Seablip Review

Developer: Jardar Solli

Platforms: Linux, macOS, PC (Reviewed)

Genre: Adventure, RPG

Publisher: Vibedy


Seablip is a 2D open-world pixel pirate adventure RPG. This game was developed by Jardar Solli and published by Vibedy. There are a few games similar to Seablip in relation to its exploration and visual mechanics, like Terraria, Stardew Valley and a few others. This review was done for the PC but is also available for macOS and Linux. Seablip is in early access, which means there are many updates and features to come out in the future. 

Seablip is a single-player game where you are a new and aspiring pirate who happens to meet treacherous waters that leave you washed up on a new island. You meet with an elderly man who helps you settle into your newfound island home and tells you more about the story that follows. Seablip follows the tale of a family legacy where you begin to uncover many secrets that have been led down from your grandfather. This further follows with you taking on several quests from different island locals, taking down wanted enemies and confronting the infamous octopus crew. The story unveils really nicely as you progress through the game by interacting with cutscenes or reading the daily news updates that give players a better idea as to what is happening in the game world. Besides the main story, Seablip offers many side quests that can help your player upgrade, find better items and learn more about other stories. The story is a really good setting into how you become this ‘starting’ pirate, and the dramatic scenes truly set the pirate atmosphere. 


The controls for Seablip are fairly simple. After the film event introducing the opening to the game is over, a mini tutorial pop-up is shown to help players familiarise themselves with the controls. The game does not show controls directly on the screen with icons, but it is easy to understand the mapping of the controls. The game does allow you to play with a controller, which is currently in BETA, so there are bound to be some bugs here and there. When I tried the game with the controller, I found that there were slight delays, and when in combat, it would be a bit difficult to navigate the crew to carry out their tasks, which would not work out well. I did like playing the game with keyboard and mouse as everything worked smoothly, and it helped when in combat.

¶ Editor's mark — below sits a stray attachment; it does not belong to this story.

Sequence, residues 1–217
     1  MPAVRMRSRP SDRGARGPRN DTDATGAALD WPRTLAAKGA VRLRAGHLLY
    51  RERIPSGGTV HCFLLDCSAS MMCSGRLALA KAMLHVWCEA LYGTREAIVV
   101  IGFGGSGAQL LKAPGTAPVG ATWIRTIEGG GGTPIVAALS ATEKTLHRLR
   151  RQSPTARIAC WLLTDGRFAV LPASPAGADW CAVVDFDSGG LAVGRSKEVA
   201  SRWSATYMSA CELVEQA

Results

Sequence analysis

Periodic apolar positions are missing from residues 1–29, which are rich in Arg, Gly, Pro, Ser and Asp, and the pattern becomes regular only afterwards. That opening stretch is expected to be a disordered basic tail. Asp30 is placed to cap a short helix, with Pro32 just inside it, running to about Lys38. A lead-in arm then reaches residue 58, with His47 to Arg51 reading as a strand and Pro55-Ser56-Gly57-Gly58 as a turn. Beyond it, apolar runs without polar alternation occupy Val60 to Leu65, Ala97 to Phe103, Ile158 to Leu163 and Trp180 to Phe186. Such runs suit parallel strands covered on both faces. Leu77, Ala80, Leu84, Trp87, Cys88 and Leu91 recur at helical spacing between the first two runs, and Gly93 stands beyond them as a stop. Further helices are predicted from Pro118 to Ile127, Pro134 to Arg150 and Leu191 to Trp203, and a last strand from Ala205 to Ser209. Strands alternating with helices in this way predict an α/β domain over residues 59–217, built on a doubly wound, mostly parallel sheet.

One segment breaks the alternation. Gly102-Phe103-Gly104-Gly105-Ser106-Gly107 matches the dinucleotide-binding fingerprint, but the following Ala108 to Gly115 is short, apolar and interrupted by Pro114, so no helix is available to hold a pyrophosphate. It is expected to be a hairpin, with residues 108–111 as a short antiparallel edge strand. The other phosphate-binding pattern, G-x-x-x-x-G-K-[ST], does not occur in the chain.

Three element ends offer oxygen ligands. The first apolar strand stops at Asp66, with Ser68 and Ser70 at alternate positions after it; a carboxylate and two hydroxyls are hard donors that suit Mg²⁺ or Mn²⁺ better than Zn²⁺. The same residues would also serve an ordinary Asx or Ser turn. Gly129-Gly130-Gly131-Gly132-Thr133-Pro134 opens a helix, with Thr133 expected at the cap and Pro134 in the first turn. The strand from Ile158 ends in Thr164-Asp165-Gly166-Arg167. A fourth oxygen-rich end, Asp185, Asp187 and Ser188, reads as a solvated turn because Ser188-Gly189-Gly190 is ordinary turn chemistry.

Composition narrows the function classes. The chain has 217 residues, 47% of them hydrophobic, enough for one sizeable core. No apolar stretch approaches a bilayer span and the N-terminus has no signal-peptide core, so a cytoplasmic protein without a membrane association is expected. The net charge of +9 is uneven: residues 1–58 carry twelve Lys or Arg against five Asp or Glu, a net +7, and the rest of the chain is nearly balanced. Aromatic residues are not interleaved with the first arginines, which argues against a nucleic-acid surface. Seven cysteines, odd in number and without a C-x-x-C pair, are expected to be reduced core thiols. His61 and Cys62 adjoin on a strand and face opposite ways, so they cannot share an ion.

The art style for Seablip is quite charming. It is pixelated but reminisces about the games like Stardew Valley/Terraria. The visuals pair so nicely with the animation and make the world so much more lively. For instance, the open-world map where you can steer your ship is very picturesque. The world itself can look so simple, but the clouds, the bright blue sky, and the details from the trees, rocks, and even the details on each of the ships you encounter add so much to the game. The game does a great job at seemingly blending vibrant environments through colours and dynamic lighting to have them resemble real-world areas. I like how some islands have different themes to them; for instance, one was prison-themed, and another had a Japanese vibe to it. The visuals are really pleasing and go so well with this game because it adds a level of detail even without it looking so realistic. The visuals are enriched with a soundtrack that offers a melodic and tranquil environment whilst exploring and traversing. The soundtrack when walking through the islands is a blend of instruments that create this beach-like tone, with sound effects from the patterned walk of your character to seagulls squawking. The change in music when encountering a cutscene or engaging in a battle is so subtle but makes a whole difference to the game. I love the atmospheric vibe the sound effects and music brings to the game. For instance, when it is raining in the game, the sound of rain is so realistic, and when entering a building, you can hear the faint sound of the rain in the back. Just the visuals and audio go hand in hand in creating an almost relaxing environment in this pirate journey of yours. 


I love the character designs for the different island people on the various islands found in Seablip. Each of them has a unique personality and such interesting character designs. My favourite designs would have to be for the Octopus Crew wanted criminals as each is so distinctive from the others. When interacting with the characters, the text speech has their character on the right with expressions to express their feeling, which is a nice touch to the game. Some characters allow you to take upon their quest or even help them in completing ‘showcases’. I do have to say that I quite liked the customisation of your character when starting the game, and there were a good number of options to choose from, which allowed players to fully customise their characters. Besides just the character, you could select which starting weapons/upgrades you want on your ship, which is a good way to get players to test out various tools when starting the game.